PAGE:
In California, 209 million pounds of pesticides were applied to fields in 2016. Under state law, county agricultural commissioners are required to consider safer alternatives to pesticides restricted by the California Department of Pesticide Regulation. But that’s not happening, according to a study released this week by researchers from UCLA and the University of Southern California.
One of the pesticides the study focused on is chlorpyrifos, which is used in the production of California strawberries, almonds and walnuts. California restricts chlorpyrifos’ use because it's known to be linked to serious health risks in children. So, before a grower sprays it on their fields, they must get a permit from a county’s agricultural commissioner.
During that process, local agriculture officials are required to consider whether there are safer alternatives that could be used instead, according to Tim Malloy, a law professor at UCLA. A study he worked on with UCLA and USC researchers looked at whether that step was happening.
"And we could find no evidence the commissioners actually do that as part of the permitting process," Malloy said.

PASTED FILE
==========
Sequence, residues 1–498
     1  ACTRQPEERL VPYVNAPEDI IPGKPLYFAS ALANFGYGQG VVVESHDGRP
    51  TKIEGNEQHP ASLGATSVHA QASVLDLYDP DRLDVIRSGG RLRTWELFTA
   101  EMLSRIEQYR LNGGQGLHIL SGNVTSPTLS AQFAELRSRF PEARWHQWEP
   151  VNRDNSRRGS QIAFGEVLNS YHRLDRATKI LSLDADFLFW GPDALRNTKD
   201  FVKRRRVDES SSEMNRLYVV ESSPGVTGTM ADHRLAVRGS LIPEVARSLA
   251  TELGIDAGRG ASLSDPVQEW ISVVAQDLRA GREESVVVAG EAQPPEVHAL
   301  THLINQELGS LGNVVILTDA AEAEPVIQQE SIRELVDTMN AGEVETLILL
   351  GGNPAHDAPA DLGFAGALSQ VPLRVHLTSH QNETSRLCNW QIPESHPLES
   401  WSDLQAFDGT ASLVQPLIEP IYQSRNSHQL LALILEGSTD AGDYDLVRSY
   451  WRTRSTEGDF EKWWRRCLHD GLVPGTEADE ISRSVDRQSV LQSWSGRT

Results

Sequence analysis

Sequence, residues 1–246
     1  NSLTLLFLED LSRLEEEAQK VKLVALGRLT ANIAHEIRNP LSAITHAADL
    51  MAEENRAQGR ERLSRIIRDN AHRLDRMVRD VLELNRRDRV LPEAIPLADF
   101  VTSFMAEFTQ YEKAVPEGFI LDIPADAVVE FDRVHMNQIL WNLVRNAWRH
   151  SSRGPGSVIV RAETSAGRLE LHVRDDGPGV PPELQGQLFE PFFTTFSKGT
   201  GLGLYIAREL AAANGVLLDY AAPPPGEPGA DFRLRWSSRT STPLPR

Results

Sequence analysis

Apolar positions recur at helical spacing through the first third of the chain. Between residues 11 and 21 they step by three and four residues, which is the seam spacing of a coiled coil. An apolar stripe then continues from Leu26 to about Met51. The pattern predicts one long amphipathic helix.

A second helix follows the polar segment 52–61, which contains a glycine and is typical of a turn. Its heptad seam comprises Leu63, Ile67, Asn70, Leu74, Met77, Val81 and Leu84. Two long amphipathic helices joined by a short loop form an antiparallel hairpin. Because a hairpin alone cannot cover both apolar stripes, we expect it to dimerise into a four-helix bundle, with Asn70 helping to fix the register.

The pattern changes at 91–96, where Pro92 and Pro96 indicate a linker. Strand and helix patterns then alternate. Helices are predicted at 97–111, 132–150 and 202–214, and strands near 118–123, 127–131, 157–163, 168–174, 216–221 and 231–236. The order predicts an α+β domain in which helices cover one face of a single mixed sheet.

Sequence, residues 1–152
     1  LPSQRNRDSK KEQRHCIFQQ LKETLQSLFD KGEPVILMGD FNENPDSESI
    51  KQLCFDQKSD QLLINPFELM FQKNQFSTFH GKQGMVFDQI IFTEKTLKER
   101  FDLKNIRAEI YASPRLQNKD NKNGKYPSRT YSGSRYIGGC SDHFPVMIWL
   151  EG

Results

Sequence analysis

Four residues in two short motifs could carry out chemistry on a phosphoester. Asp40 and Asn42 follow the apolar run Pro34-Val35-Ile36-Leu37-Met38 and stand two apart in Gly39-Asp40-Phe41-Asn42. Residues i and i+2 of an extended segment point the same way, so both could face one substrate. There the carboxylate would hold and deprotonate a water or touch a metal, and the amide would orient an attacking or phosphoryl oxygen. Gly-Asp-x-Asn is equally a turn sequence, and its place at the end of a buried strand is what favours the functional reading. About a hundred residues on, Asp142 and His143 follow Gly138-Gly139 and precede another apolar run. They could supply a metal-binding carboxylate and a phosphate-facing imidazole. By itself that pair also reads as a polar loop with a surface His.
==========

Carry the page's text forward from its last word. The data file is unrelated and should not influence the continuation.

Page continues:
The Department of Pesticide Regulation is in charge of overseeing and collaborating with the county agriculture commissioners “to make sure that everything is being done properly,” Malloy explained. He says that the department itself has not been considering safer alternatives, nor have they been “actively requiring local commissioners to do so at the local level.”
The study has several recommendations spelling out what DPR can do to change that. It also includes guidance on how DPR could assess the potential impact and health risks of “cumulative exposure” to pesticides.
"We know that mixtures can occur in the air, so that folks who are working or living in those areas are exposed to the mixture, not to the individual pesticides,” Malloy said.
Charlotte Fadipe, a spokesperson with DPR, did not offer comment on the study's specific findings. In an email, she wrote that the agency "believes there is stringent governance of pesticides on the ground.”
Fadipe added that DPR continues to be engaged with agriculture commissioners to provide guidance on alternative options for restricted pesticides where there is “scientific justification.”
Sandy Ellis, executive director of the California Association of County Agricultural Commissioners, had yet to read the full report on the day of its release, but said “if there are opportunities to improve our pesticide use enforcement, we certainly will improve them.”
Meanwhile, an lawsuit brought by the Natural Resources Defense Council seeking to block the Environmental Protection Agency from allowing the use of chlorpyrifos in agriculture heads back to the Ninth Circuit Court of Appeals for a hearing next week.